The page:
When exchanging ideas about playing the aulos, I always try to bear one puzzling fact in mind: as far as we know, ancient musical notation was never used to write down a two-part motion. We may have traces of very rough hints at ‘harmonisation’; we have references to notes used only in the accompaniment, and with which melodic notes these would go; but no source seems to consider aulos playing as polyphonic. When aulos music was notated – and we seem to possess a few scores intended for such instruments – a melody was written down. Period. The performer would know how to create a suitable accompaniment, evidently.
So, what might be the best way of approaching an ancient player’s mindset? I suppose, optimally we’d stick to using ancient notation, which would compel us to work out a suitable environment of skills and teaching, and guide us towards a proper mixture of fixed and improvised elements.
The idea of ancient notation may be intimidating, and indeed the entire two-times-fifteen-scales system is terrifyingly complex. However, as long as one sticks to a simple instrument such as the Louvre aulos, all one needs is a subrange of the simplest scale, comprising about a dozen notes and therefore a dozen distinct note signs. Not all too difficult to memorise, as each note nicely corresponds to a finger hole. Modulation by half-covering holes may be used at one or two places in the scale – the more important one is already included in the dozen…
As I have argued elsewhere, the Louvre aulos and the Berlin aulos are very similar in design, but of different size: differently pitched instruments with similar fingering. In practice, notating music for them in different keys does not make much sense: why preserve a useless notion of pitch, instead of preserving the fingering? Doubtless different keys were indispensible for modulating instruments – but the simple ones never needed anything but the natural key. Actually some of the extant scores use exactly this natural key, which the ancients called “Lydian”. The scales of these scores perfectly fit the Louvre and Berlin auloi.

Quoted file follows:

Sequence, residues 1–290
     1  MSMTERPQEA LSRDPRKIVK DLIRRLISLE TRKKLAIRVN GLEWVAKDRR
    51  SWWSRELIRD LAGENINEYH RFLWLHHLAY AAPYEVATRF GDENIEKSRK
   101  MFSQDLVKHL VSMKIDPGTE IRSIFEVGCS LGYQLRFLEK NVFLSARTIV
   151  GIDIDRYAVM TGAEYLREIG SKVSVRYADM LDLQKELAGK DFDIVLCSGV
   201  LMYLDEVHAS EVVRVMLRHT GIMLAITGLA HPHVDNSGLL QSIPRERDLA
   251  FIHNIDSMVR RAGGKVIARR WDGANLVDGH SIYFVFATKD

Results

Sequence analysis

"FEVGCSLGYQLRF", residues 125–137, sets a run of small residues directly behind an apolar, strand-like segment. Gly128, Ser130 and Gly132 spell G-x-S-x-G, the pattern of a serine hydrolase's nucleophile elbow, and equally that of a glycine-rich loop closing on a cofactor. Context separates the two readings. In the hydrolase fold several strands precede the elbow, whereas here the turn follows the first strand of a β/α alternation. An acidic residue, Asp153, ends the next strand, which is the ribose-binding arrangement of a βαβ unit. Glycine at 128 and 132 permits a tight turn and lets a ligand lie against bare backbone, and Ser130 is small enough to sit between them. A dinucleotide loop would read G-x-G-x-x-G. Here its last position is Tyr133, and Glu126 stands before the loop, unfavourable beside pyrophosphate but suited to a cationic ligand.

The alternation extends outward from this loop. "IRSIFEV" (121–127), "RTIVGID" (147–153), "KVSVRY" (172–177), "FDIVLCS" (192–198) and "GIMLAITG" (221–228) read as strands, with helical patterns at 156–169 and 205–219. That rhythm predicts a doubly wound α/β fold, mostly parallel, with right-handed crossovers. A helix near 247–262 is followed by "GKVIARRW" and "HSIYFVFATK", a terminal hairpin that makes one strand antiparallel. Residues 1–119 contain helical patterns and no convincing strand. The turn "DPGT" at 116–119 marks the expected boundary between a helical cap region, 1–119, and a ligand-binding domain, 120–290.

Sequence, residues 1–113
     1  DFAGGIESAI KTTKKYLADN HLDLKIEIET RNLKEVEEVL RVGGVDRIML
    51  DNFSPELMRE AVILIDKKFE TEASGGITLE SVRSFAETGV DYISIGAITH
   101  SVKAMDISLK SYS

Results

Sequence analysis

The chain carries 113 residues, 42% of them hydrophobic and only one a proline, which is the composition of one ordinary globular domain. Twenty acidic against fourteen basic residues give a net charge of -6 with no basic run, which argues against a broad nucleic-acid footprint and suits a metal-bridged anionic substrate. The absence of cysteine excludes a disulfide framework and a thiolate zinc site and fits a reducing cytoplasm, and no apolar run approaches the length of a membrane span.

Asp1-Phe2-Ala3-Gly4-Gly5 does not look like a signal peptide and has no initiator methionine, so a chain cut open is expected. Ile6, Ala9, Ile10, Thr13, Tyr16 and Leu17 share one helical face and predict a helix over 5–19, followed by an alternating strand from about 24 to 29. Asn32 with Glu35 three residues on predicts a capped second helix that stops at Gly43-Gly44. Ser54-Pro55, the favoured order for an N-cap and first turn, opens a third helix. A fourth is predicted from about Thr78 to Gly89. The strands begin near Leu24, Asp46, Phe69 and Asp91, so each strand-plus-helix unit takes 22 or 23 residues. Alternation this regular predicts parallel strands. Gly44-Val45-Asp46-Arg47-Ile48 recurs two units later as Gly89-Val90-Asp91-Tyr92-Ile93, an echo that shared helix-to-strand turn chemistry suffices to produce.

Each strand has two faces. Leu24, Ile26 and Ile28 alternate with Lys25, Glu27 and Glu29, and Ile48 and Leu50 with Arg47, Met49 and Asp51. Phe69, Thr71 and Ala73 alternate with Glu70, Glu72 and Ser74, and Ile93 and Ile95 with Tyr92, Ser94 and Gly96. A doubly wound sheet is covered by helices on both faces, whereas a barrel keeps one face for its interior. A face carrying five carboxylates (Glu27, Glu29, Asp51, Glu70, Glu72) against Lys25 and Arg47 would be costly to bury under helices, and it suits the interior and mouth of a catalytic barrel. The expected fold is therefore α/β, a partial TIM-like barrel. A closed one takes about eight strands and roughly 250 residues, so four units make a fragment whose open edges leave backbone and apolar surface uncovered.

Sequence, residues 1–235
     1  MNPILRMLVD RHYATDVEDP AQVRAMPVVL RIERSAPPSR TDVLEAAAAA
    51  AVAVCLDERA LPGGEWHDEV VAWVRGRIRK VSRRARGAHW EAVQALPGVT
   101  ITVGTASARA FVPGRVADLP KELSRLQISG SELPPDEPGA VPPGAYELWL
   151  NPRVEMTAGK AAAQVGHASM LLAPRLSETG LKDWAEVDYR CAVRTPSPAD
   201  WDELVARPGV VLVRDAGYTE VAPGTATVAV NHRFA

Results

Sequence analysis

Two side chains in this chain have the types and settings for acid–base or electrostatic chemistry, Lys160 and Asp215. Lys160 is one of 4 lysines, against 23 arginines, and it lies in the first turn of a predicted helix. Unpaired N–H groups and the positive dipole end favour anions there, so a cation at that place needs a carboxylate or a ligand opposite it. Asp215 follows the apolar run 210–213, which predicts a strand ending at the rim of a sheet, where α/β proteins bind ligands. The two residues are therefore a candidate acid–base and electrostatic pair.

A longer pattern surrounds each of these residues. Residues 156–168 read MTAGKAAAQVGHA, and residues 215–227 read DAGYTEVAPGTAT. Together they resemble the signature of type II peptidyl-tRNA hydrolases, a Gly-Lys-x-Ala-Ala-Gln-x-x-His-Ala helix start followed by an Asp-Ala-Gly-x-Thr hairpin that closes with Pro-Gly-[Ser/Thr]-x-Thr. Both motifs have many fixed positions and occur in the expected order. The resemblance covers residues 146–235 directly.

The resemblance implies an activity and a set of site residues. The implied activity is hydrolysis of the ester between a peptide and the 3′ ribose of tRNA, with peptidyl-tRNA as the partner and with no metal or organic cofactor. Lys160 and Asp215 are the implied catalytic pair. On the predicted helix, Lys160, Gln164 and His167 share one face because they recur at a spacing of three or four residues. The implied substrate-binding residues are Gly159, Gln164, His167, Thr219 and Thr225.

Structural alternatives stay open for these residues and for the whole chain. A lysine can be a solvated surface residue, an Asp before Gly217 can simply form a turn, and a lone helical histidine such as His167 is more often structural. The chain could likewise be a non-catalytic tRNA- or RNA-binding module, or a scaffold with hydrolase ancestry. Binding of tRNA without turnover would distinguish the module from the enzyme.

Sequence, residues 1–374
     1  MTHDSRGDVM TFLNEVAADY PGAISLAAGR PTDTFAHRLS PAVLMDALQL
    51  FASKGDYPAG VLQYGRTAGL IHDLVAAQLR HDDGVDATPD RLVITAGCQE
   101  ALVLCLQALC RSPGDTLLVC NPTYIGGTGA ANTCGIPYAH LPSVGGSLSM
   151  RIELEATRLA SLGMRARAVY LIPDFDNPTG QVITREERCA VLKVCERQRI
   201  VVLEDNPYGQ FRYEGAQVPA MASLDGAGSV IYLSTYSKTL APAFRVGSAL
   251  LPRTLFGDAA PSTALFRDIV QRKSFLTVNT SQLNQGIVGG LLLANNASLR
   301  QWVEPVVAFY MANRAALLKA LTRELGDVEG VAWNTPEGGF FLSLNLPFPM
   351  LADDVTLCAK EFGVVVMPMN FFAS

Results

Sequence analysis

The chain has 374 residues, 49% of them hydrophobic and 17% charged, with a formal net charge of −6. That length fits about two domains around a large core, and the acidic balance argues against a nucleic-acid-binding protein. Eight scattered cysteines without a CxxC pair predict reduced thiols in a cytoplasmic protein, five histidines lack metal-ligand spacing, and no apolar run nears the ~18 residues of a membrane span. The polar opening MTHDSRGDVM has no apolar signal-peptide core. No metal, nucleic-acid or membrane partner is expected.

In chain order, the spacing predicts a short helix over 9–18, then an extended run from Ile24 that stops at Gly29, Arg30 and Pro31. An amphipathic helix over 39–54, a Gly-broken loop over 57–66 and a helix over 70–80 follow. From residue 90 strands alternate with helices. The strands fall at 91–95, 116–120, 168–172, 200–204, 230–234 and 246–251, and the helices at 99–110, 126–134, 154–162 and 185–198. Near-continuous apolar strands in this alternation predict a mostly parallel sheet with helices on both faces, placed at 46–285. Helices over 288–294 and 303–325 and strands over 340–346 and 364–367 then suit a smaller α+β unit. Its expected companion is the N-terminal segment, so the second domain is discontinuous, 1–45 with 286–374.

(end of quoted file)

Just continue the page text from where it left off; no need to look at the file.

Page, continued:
The fact that such instruments came in several sizes, and continue doing so in the current revival, is equally important if one would not embrace ancient note signs. Optimally, a score in stave notation would also need to be applicable to all these sizes. Therefore I propose using our natural scale for the ancient natural “Lydian”, which maps the ‘white keys’ of the piano onto the finger holes of the pipes, regardless of their actual pitch.
In this way, the lowest note of the Louvre as well as the Berlin aulos would become ‘A‘, and the highest, d. For optimal fit with the ideas of ancient music, I suggest distributing uppercase and lowercase letters across the instruments’ eleventh as follows:
A B C D e f g a b c d
In stave notation, one would probably want to use the treble clef, if only for its popularity. Alternatively one might consider writing down an aulos air as a sequence of modern note letters, approaching the ancient mindset while disposing of the arcane ancient signs. Perhaps specifying the rhythm by the ancient means of rhythmical diacritics, indicating subdivisions as well as double, triple and longer duration… But that’s another topic…